JUSTIN TRUDEAU is slowly losing grip of his leadership after this week's 'brownface' scandal in which Time Magazine obtained images of Trudeau from 2001 wearing dark makeup – and it could be good news for post-Brexit Britain if he is usurped in Canada's imminent general election.
The makeup was part of an Aladdin costume worn by a 29-year-old Trudeau during an Arabian nights themed party, back when he was a teacher in Vancouver. During his apology, the Liberal Party leader also confessed to having worn blackface to perform a Jamaican folk song 'Day-O' at a talent show, and admitted he does not know how many times he has 'brownfaced' in his life. After four years as Canadian Prime Minister, this revelation could prove costly for Trudeau in upcoming elections, where up until this week it has been tight between him and the Conservative Party. Expert UBC political scientist Max Cameron told the Vancouver Sun that while Trudeau's apology hit all the right notes, the scandal could have devastating repercussions for general elections in Canada which take place on October 21.
"He clearly gets that this is a problem but there’s a question in my mind, ‘Is this something you can come back from?’
“There are many ridings where the margin of victory is very narrow..."
Trudeau had jumped ahead in the polls just as the scandal was about to unravel.
Cameron also claimed this could cost Trudeau regions that would have otherwise safely voted Liberal, calling the impact a "dent in the strongest part of his armour".
With polling so close up until now, it seems there is a good chance that Conservative Party leader Andrew Scheer will take on the reins as Canada's leader – which could be good news for Boris Johnson.
Like Mr Johnson, he pledged toughness on crime as a core message of his campaigning.
Boris Johnson could have a new ally in Scheer with remain sympathiser Trudeau in crisis (Image: getty)
Trudeau apologised this week after images emerged of him in 'brownface' (Image: getty)
He has formed a good relationship with Mr Johnson, as well as Chancellor Sajid Javid, who he also met in 2018 on a visit to the UK.
He could prove to be more than just a friend for Mr Johnson, but also an important ally as Britain's EU exit looms.
In 2016 Scheer backed Britain's departure from the EU, lauding "the democratic gifts the British people gave the world: responsible government, the Westminster parliamentary system, ordered liberty and the common law".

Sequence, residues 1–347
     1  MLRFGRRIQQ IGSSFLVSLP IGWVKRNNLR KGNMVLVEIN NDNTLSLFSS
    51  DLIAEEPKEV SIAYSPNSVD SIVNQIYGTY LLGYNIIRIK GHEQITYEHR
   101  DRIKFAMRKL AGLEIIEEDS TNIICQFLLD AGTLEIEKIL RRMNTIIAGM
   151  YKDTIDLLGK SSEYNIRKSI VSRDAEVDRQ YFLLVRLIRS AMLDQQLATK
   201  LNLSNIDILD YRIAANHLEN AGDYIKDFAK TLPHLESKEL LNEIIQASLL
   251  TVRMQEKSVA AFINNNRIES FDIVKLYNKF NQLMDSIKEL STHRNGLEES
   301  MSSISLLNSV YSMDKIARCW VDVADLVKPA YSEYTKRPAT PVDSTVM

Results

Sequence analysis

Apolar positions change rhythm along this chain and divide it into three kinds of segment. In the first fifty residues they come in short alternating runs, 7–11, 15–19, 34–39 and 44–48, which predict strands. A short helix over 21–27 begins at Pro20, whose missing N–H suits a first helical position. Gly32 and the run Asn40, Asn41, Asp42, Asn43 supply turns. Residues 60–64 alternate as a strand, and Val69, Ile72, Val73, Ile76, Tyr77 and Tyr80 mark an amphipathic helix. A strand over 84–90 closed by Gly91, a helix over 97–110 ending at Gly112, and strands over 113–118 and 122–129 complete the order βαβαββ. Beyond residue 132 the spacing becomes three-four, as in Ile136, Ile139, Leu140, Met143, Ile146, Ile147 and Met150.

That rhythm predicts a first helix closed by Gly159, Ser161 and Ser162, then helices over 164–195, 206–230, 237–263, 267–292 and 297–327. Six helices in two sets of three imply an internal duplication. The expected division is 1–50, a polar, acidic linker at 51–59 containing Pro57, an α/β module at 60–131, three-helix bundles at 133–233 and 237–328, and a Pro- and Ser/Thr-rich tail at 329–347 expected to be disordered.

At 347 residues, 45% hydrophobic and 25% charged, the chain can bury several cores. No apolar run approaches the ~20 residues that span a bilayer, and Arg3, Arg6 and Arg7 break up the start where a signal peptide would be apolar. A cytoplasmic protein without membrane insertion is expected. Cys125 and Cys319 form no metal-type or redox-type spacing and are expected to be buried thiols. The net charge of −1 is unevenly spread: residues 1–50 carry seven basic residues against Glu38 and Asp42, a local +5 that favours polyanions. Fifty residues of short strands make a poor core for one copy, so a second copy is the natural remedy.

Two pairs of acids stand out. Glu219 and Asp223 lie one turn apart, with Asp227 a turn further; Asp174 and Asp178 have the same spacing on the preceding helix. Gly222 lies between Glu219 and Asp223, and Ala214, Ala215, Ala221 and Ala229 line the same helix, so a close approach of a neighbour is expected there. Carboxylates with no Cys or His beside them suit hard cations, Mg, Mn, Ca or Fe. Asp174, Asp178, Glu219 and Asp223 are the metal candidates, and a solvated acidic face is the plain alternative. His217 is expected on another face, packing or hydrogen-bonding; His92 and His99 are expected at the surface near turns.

Scheer discusses the Remain campaign's economic arguments, Canada's own freedom and how the EU in his view is restricting Britain's sovereignty.
He wrote in an article for the National Post just three days before the referendum: "The Remain side tells Britons that a vote for exiting the EU is akin to choosing economic and political uncertainty. Voters are led to believe there’s no other option.
Andrew Scheer backed Britain to leave in 2016 (Image: getty)
Trudeau opposed Brexit in 2016 (Image: getty)
"They must accept the bureaucratic excesses of Brussels (which even the Remain supporters can’t defend) to avoid disruption, isolation and decline.
"It’s a profoundly negative and simplistic vision that just happens to be wrong."
Scheer believed in 2016 that Britain could use the referendum as an opportunity to relocalise its governance, and avoid what he believes to be extensive regulations.
He added: "Britain’s foreign economic relations with historic partners such as Canada are now subject to an effective veto from countries such as Romania and Bulgaria.
"Then there’s the host of EU regulations covering everything from hair dressers to vacuum cleaners and olive oil."
In contrast, current Prime Minister Trudeau urged to Britain in 2016 to remain in the EU, claiming it would not be easy for the UK to replicate Canada's trade deal with Brussels.
Johnson is being frustrated as EU talks remain unpredictable (Image: getty)
Trudeau said: “Britain is always going to have clout, it’s just obviously amplified by its strength as part of the EU.
“I believe we’re always better when we work as closely as possible together, and separatism, or division, doesn’t seem to be a productive path for countries."
Going forward after Britain does leave, it is clear that a Scheer administration in Canada would value British partnership.
In 2018 he tweeted that he would seek a free trade deal with the UK if elected in 2019.
Trudeau appears to be on the brink, and therefore it is plausible that Canada will soon be lead by a Brexit sympathiser.